Tag Archive

Dream Lover: Uncut

By Adam Lippe

Trends are rarely more than coincidences. Sure, there are always going to be imitators of success, such as Madonna making Body of Evidence to capitalize on the trend of the erotic thriller genre that goes back to Basic Instinct a year earlier (though the genre existed before, it just didn’t have a name). But realize […]

Rad

By Adam Lippe

If Reckless, the Romeo and Juliet-style vehicle for Aidan Quinn and Daryl Hannah contains the most overtly sexual high school dance sequence in all 1980s teen films (with the pair ogling each other to the sound of Romeo Void’s Never Say Never featuring the all too subtle lyric, “I Might Like You Better if We […]

The Brain

By Adam Lippe

In the history of fantastic bad ideas, none may seem as foolhardy as the fact that Ed Hunt, the director of the schlocky Canadian horror film The Brain, originally intended for the titular character, an alien from outer space encased in gelatinous goo who wants to use TV to brainwash the human race, the ability […]

Barbarosa

By Adam Lippe

There’s a very valid reason for Mel Brooks not being particularly visible to the press during the production of two classics of the 1980s. His production company, Brooksfilms, was responsible for both David Lynch’s The Elephant Man and David Cronenberg’s The Fly, but Brooks went uncredited as an executive producer. If you knew that Brooks […]

District 9 Review and Podcast

By Adam Lippe

Below you’ll find a review of Neill Bloomkamp’s Action-Sci-fi hybrid, District 9. I’m also including a podcast about the film which I conducted with the official mascot for Hamburger Helper, Helping Hand. Click the play icon to listen to the podcast. Or you can download the podcast here. (Right-click, Save Link As…) The downside of […]

Moon

By Adam Lippe

A sterile home is just plain creepy. It suggests something unlived in, frozen in time, free from human connection. David Cronenberg (Dead Ringers, The Fly, Scanners) knows this, which is why he’s always setting sections of his movies in hospitals, the most antiseptic place possible. The body that had previously inhabited the room is gone. […]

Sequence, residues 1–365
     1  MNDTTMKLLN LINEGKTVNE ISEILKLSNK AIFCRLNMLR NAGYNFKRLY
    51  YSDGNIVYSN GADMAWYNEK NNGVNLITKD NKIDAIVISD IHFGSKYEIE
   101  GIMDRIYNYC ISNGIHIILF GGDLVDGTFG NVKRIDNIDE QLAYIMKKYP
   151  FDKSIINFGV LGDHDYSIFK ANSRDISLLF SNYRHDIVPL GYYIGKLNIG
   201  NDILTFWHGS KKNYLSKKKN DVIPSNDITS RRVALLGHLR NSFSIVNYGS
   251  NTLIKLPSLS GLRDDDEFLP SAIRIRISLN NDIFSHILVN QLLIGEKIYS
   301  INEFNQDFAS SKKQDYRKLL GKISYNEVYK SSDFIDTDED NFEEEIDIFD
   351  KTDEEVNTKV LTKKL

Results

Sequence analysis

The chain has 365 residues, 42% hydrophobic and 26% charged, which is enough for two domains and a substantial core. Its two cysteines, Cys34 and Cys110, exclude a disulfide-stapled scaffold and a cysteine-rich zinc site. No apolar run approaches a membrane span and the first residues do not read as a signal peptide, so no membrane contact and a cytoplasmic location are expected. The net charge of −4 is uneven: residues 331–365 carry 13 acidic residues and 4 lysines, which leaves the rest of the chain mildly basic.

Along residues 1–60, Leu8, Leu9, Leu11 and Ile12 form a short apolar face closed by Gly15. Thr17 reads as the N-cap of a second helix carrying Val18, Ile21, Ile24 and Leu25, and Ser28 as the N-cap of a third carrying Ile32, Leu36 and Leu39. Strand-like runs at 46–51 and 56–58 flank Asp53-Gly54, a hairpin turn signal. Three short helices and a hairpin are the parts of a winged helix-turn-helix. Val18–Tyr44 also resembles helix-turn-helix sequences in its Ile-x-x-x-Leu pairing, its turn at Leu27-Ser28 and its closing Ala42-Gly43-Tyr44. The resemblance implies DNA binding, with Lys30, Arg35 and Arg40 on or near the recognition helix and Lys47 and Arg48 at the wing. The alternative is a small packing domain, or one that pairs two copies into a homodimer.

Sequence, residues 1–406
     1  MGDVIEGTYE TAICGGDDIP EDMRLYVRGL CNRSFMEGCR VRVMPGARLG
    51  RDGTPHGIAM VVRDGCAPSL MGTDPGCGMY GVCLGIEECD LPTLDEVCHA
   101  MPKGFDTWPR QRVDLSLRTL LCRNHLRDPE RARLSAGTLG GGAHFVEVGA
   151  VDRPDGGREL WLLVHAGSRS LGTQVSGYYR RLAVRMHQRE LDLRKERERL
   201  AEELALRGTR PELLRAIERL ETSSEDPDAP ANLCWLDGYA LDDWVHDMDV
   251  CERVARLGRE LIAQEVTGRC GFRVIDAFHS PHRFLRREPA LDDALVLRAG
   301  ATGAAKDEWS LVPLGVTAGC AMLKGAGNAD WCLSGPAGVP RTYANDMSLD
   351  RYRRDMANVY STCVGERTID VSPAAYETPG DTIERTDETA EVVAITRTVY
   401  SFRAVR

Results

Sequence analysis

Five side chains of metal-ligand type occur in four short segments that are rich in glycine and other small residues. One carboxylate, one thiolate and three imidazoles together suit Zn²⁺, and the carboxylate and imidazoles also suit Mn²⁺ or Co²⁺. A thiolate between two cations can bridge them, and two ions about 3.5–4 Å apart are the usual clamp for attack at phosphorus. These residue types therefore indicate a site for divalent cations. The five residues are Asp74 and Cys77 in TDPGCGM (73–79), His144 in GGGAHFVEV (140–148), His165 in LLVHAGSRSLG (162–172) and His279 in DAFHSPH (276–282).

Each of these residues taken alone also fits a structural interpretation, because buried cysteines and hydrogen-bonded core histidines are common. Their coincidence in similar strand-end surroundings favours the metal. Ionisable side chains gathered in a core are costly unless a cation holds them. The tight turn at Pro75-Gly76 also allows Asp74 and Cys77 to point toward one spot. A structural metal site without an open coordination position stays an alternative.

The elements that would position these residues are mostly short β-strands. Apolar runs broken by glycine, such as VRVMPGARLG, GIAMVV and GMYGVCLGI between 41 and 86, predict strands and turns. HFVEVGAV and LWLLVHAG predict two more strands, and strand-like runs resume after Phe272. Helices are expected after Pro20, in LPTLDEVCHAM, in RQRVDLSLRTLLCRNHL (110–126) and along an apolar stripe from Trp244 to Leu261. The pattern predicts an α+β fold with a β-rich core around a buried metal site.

The Sequel Rule

By Adam Lippe

Quite some time ago, I came to the realization that I had not been to a sequel in the theater since Hannibal, a book which I hated, but I was dragged by my ex and a friend who wanted to see it. I thought about why sequels were made and to what kind of movies […]

The Unreliable Narrator

By Adam Lippe

My Best Fiend, director Werner Herzog’s documentary about his turbulent relationship with Klaus Kinski and the five films they made together, got me to thinking about what Kinski, dead long before the movie was made, would have had to say on the matter. Herzog got to make the movie his way, creating whatever message he […]

The Boost

By Adam Lippe

James Woods was the best American actor of the 1980’s. What made his performances so interesting were not just his intensity, vitality, and believability, but that he often did it with a sub-par script and/or direction. For every Salvador and Videodrome, there was Cop, True Believer, and Best Seller. This even extended to his 90’s […]

In My Skin

By Adam Lippe

One of the few times I’ve had to cringe while watching a movie, and not because it was so terrible, was while watching the DVD of In My Skin. Ostensibly about a woman who becomes so fascinated with a very nasty accidental wound on her leg that she can hardly think about anything else, her […]

Good Night, And Good Luck

By Adam Lippe

Easily the best movie of 2005. Producer/Director/co-star George Clooney, in detailing Edward R. Murrow’s battle with Joseph McCarthy at the height of his power, takes so many chances for what could have been a very standard biopic/history lesson. Shooting TV broadcasts almost entirely in close-up, letting the power of the words take over allows the […]

Dead Ringers

By Adam Lippe

Dead Ringers is certainly the most accomplished film David Cronenberg has made, with all the themes and motifs he’d been building on for 15 years finally hitting their apex, as well as it being a marvelously cold, clinical and unnerving experience. It’s also the first time his concentration on the medical profession and its practices […]

Now on DVD and Blu-Ray

Roadracers

By Adam Lippe

Whenever there’s a genre parody or ode to a specific era of films, such as Black Dynamite’s mocking of Blaxploitation films or Quentin Tarantino’s Death Proof, the second half of Grindhouse, the danger is that the film might fall into the trap of either being condescending without any particular insight, or so faithful that it becomes the very flawed thing it is emulating.

Black Dynamite has nothing new to say about Blaxploitation films, it just does a decent job of copying what an inept [...]


Veegie Awards

Winner: BEST ONLINE FILM CRITIC, 2010 National Veegie Awards (Vegan Themed Entertainment)

Nominee: BEST NEW PRODUCT, 2011 National Veegie Awards: The Vegan Condom

Archive

Featured Quote (written by me)

On Cold Fish:

Though the 16 year old me described the 1994 weepie Angie, starring Geena Davis as a Brooklyn mother raising her new baby alone, as “maudlin and melodramatic,” Roger Ebert, during his TV review, referring to the multitude of soap-operaish problems piling up on the titular character, suggested that it was only in Hollywood where Angie would get a happy ending. “If they made this movie in France, Angie would have shot herself.”

Well Cold Fish was made in Japan, where Angie would have shot herself and that would have been the happy ending.